Alma Cafe is a refreshing new approach to fine cooking

The smoked whitefish tartine from Alma Cafe.

The smoked whitefish tartine from Alma Cafe. Provided

I can’t think of the cooking at Alma as anything other than food for smart people.

It’s understated to the nth degree, never flashy, and beautifully, classically prepared.

The prices are always fair. Not cheap, but fair. A few dollars more than what you’d pay for something woefully subpar at a lesser place. And that’s the other part of what makes it a thinking person’s restaurant. This is the practical man’s best bet. It’s the Prius of dining out. A bit of a stretch at the outset, but pays its dividends long after you’ve driven off the lot.

All the smart looking people in smart, sensible glasses and shoes crowding the room at Alma’s new sister restaurant, Alma Cafe, clearly don’t need a lesson in this kind of economics.

The cafe has been open less than a week and business is already booming. The more casual digs and menu are just what the 17-year-old eatery needed to modernize and keep up with How People Eat Now. While their way of doing things has always been a cut above, this was also becoming a special-occasion place for many. And that can serve as a death knell in this age of casual everyday dining out.

So Alma Cafe came at just the right time, and it’s totally refreshing.

By night, the menu is designed around grabbing a drink first, and going from there. If ever there were an ideal happy hour place for adults, this would be it. Bittercube has designed a comprehensive menu of classic cocktails as well as seasonal ones in keeping with Alma’s steadfast adherence to seasonality. Start with a libation, and you won’t go wrong.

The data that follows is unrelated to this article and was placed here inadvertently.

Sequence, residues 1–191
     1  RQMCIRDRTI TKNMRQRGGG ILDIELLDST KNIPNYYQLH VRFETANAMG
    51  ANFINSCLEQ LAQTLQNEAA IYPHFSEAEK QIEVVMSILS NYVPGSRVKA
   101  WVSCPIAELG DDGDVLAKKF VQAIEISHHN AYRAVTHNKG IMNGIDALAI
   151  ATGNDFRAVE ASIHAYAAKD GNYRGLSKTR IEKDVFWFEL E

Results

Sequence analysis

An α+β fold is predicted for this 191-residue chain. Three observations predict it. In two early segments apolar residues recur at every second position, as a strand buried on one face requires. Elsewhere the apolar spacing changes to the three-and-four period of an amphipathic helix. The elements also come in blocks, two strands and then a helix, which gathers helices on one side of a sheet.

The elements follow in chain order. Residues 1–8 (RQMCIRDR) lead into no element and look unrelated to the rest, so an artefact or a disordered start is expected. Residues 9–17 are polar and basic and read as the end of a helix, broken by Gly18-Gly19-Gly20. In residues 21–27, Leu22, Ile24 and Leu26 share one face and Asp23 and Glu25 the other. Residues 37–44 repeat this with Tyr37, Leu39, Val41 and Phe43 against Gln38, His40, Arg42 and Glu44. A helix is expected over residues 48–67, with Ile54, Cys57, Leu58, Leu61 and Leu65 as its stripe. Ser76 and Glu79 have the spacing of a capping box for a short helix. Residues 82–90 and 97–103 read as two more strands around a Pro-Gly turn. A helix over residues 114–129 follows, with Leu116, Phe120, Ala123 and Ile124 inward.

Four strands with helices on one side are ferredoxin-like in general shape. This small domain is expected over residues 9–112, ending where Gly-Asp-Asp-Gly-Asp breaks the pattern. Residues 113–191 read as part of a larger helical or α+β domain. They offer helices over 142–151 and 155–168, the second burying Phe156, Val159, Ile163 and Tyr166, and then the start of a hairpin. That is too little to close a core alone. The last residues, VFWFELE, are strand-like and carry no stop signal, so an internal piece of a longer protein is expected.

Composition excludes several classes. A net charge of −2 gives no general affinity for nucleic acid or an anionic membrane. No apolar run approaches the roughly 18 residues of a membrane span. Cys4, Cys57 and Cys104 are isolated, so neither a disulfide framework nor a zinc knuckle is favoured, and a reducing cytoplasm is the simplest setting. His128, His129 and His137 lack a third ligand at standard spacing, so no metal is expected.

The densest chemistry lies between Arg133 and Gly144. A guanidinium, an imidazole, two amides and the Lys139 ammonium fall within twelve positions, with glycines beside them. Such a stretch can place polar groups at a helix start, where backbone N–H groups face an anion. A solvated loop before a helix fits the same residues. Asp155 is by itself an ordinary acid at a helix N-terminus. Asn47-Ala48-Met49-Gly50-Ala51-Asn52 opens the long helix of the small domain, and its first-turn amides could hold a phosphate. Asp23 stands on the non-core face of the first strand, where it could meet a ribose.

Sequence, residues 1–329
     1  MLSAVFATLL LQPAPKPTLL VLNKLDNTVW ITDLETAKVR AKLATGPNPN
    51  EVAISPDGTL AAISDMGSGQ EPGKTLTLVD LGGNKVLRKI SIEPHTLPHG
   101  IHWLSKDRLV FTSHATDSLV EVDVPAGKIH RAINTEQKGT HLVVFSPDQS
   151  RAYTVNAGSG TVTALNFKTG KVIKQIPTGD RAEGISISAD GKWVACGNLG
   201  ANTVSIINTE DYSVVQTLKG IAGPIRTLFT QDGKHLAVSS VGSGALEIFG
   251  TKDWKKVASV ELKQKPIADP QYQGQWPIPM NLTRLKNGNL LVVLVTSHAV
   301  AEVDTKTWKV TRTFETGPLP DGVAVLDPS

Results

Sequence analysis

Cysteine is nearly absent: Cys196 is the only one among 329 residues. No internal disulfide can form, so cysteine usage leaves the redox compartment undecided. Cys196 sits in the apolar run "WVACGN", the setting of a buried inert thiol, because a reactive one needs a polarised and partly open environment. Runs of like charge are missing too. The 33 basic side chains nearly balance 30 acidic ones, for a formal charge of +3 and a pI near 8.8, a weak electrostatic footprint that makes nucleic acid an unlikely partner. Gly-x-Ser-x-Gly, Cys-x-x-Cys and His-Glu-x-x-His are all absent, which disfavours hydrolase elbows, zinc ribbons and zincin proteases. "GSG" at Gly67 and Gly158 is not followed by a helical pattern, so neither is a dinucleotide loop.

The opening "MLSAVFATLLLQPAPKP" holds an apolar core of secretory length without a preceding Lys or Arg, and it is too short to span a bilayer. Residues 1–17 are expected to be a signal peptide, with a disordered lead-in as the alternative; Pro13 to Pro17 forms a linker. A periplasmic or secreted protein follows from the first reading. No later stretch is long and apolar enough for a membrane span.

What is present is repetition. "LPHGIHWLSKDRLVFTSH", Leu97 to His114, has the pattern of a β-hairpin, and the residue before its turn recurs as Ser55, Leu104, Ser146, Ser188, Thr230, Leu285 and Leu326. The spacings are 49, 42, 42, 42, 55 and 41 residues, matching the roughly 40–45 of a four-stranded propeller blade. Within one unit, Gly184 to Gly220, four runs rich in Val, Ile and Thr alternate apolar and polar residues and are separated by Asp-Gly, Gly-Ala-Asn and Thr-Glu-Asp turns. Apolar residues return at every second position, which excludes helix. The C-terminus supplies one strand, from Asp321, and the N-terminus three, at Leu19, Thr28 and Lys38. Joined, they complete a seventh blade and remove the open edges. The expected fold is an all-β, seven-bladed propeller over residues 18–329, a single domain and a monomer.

The Frosted Gimlet with gin, lime, green tea syrup, and peppermint cotton candy is absolutely irresistible because you get to pour the liquid over the candy floss until it dissipates. Then you’re left with a little punch mug of your grandma’s peppermint schnapps on ice, all grown up.

Or try the Still Got it, a butternut squash daiquiri served in a gourd. Sounds strange, tastes enchanting.

With drinking and sharing in mind, the menu is anchored by snacks and small bites. You’re free to order just a pile of gorgeous breads next to a pot of butter, or a selection of cheese, or some olives or spiced nuts and nothing more. Stop in here before dinner and you can still make it home with appetite enough to sit down with the family.

Or don't, because a smattering of entrees can also slide right into the dinner hour, from a $6 half order of macaroni and cheese to a $29 Limousin Sirloin Steak and plenty of things in between.

Our favorite bites were brilliantly prepared vegetables, like crispy smashed potatoes cooked in duck fat with a little pot of black truffle hollandaise for dipping, or light-as-a-feather fried cauliflower with frizzled jalapeno, sesame, and ginger. Both were done so nicely they made meat eating seem almost superfluous.

But if you’re going to get carnivorous, house rigatoni with spicy pork ragu, tomato, kale and Pecorino is a good way to do it. Order the large to share; it won’t last long.

A great way to approach this menu is by seeking out gorgeous bites served over grilled bread or crackers. Tartines and bruschetta are like little fine dining bites without the fine dining price tag or pomp. Smoked whitefish, a generous swipe of duck liver pate, or lamb rillettes (meat cooked in fat) are a good way to sit, cocktail in one hand, bread or cracker in the other, and be very happy indeed.

So far, we’re loving this intersection of Alma’s graceful fine cooking sensibilities with a more approachable format. We can’t wait to return, and it seems neither can anyone else. A pro tip is to go early (prior to the dinner rush) as the cafe does not take reservations. Alma Restaurant re-opens on November 25 after its own remodel, and you can start making reservations now.

528 University Ave. SE, Minneapolis